Attorneys representing Karp also are appealing P&Z’s denials of affordable housing projects on Main Street (20 units) and Hill Street (93 units), and have filed for the developer to become a co-defendant in the town’s lawsuit against the Connecticut Department of Housing, which denied the municipality’s bid for four years of relief from state law 8-30g.
Meanwhile, in New Canaan, town officials are poised to appoint a local Affordable Housing Committee, following the Town Council’s creation earlier this year of an ordinance allowing for it.
In an update to the Board of Selectmen on Tuesday, Town Council Chair Steve Karl and Bylaws and Ordinances Committee Co-Chair Tom Butterworth provided an update on the soon-to-be-appointed Affordable Housing Committee.
Butterworth said the ordinance itself reflects the hard work of Bylaws and Ordinances Committee members Cristina A. Ross, Maria Naughton, Rita Bettino, Mark Grzymski, Kimberly Norton “and especially my co chair, Hilary Ormond.”
“I thought I’d explain the impetus behind the ordinance with a quick story,” Butterworth said. “I was approached last year by a neighbor who had just heard of the proposed development at Weed and Elm. He’d heard that state law might prevent our Planning & Zoning Commission from modifying or restricting such developments. I told him about the moratorium concept, but said it may not come cheap. And he said, ‘Just tell me what it would take.’ And that’s a fair characterization of the main thrust of the new ordinance. It doesn’t require the town to take any particular action in connection with 8-30g. It doesn’t limit the committee to dealing only with 8-30g issues, but it sets up a new committee primarily to answer two questions: What would it take to expand affordable housing in New Canaan? And what would it take to retain local control using the 8-30g moratorium process?”
Karl said the new Committee is set up with five members of the public plus one ex-officio member from four prominent town bodies—namely, P&Z, Housing Authority, Town Council and Board of Finance—because “it allows better communication throughout the whole town and the way things work.”
“We’re hopeful that those members will serve on this committee and then report back to their respective organizations in town and get a better flow of communication,” Karl said.
He added, “I just wanted to mention the fact that the history, our history has been pretty solid in terms of affordable housing and the fact that our town does welcome affordable housing. We’re looking for affordable housing. We’ve always done that. It’s been decades and decades of great projects we’ve had, and obviously [Housing Authority Chair] Scott Hobbs deserves a lot of credit and the Housing Authority, but this is basically putting the stamp in the ground saying we need to continue to do that. We need to continue the work we’ve done. And I think everybody in town can agree that we want affordable housing, but we also want to know where it’s going to be and what it’s going to look like.”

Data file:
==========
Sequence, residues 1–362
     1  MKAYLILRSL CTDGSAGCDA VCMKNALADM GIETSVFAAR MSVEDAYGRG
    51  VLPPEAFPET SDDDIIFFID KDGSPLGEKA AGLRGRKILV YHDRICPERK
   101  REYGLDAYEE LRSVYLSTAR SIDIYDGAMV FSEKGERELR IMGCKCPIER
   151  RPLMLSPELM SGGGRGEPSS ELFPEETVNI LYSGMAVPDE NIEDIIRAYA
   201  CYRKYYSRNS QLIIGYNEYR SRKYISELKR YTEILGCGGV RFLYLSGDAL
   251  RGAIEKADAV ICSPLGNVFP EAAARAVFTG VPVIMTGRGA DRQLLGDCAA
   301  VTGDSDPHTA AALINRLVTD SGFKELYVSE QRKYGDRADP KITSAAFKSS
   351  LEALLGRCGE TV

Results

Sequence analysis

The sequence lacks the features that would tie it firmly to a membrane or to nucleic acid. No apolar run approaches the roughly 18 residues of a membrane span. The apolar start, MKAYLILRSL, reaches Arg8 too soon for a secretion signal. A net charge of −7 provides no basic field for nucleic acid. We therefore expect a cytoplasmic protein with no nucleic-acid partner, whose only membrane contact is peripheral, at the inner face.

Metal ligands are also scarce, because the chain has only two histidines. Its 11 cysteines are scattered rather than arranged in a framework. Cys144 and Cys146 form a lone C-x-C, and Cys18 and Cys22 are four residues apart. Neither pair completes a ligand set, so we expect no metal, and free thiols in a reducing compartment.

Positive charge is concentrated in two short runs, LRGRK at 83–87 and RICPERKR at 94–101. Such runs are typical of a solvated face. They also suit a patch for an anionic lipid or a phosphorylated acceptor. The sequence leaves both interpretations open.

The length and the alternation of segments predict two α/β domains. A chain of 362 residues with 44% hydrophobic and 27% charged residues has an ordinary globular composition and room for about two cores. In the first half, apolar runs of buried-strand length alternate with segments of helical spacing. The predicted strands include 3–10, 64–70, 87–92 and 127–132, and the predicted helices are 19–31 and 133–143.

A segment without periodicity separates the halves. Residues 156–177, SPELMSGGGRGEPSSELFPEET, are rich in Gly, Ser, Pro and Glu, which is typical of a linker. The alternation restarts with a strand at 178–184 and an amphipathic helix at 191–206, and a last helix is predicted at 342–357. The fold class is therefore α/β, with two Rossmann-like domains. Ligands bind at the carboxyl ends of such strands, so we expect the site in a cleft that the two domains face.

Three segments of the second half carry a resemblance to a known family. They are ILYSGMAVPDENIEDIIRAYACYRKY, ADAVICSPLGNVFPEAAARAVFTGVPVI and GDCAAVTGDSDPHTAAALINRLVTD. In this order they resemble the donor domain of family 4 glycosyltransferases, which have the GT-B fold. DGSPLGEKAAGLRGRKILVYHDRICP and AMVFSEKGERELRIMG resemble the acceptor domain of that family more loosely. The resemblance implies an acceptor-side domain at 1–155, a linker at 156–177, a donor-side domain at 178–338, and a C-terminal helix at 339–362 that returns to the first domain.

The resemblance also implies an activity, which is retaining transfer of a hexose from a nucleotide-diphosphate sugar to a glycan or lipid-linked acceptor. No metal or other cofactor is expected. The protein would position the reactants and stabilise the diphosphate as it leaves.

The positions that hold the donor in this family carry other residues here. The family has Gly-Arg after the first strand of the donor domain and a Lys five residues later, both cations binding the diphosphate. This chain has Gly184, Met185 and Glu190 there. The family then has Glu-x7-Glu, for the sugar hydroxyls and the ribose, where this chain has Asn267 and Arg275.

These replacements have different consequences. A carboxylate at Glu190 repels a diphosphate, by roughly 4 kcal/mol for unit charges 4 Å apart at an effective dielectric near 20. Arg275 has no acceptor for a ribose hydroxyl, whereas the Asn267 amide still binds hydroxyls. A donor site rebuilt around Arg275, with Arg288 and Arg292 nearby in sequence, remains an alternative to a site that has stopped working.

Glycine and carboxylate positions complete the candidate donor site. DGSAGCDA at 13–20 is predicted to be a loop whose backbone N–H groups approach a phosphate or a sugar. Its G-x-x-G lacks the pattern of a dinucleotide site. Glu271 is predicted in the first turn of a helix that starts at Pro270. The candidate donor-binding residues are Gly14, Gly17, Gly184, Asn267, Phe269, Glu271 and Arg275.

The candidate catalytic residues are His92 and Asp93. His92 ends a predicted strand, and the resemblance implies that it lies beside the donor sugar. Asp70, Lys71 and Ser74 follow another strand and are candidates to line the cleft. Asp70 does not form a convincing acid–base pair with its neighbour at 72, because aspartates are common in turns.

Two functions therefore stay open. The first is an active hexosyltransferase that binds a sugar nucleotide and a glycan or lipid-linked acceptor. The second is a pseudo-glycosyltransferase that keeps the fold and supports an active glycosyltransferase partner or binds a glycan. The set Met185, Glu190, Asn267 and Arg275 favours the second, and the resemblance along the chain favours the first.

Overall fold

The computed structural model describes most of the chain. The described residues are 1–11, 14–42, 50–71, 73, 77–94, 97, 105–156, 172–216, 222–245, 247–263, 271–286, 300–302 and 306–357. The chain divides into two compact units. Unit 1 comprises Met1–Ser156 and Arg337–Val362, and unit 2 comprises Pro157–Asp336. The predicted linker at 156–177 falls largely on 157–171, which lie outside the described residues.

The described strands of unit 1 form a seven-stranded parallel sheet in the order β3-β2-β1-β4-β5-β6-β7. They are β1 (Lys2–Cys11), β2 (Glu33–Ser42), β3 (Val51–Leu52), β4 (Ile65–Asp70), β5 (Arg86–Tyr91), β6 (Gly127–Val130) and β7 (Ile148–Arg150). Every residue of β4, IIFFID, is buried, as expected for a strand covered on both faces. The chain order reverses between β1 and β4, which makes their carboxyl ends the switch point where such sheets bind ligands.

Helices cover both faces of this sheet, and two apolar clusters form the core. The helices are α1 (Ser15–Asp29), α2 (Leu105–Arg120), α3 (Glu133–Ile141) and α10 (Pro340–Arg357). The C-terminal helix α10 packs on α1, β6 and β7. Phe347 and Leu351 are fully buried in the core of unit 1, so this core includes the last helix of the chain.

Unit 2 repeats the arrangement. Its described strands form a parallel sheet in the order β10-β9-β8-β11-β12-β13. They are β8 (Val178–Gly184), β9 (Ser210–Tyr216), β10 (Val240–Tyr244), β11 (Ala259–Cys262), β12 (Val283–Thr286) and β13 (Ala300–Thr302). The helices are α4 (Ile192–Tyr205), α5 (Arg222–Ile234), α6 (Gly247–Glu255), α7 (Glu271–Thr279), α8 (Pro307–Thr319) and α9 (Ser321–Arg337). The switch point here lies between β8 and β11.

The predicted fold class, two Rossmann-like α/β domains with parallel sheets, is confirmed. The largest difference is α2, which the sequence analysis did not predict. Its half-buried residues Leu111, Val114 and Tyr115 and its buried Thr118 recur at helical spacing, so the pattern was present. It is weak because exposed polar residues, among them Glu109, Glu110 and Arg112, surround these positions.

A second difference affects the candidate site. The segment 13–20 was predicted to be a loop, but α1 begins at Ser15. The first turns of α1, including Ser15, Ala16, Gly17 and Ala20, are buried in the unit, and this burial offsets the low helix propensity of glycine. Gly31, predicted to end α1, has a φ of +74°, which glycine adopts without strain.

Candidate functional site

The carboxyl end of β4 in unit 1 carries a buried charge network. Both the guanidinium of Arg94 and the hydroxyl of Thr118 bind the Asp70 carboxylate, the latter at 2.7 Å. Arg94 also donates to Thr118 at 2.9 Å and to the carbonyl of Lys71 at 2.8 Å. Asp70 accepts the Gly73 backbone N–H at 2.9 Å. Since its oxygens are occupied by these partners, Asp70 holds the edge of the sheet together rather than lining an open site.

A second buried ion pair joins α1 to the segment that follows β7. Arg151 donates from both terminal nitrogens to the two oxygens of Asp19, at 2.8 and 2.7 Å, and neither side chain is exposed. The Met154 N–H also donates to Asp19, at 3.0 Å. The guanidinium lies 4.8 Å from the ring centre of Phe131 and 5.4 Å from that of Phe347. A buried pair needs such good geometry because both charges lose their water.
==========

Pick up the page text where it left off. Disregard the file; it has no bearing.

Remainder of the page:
Asked by Selectman Nick Williams what the new Affordable Housing Committee will have accomplished one year from now, Karl mentioned “public education” about the issue and added that he viewed the new group as “a funded committee.”
“So that’s where the Board of Finance is going to have to come in and figure out how much money can we get to the affordable housing committee right off the bat for any consultants or whatever,” Karl said.
Asked how much money would be involved, Karl said “it’s early” and added that “to me, this is one of the biggest issues we’re facing here in town, so I could see the town spending, you know, putting aside a significant amount of money per year to deal with property acquisition, et cetera.”
Butterworth said, “The key thing about the Committee is it’s kind of up to them, right? Put together an attractive plan that would resonate with residents and then say, ‘Here’s plan A. It would cost ballpark, X dollars. And it would be on Y piece of property.’ And, you know, God bless them if they can come up with the answers to those questions.”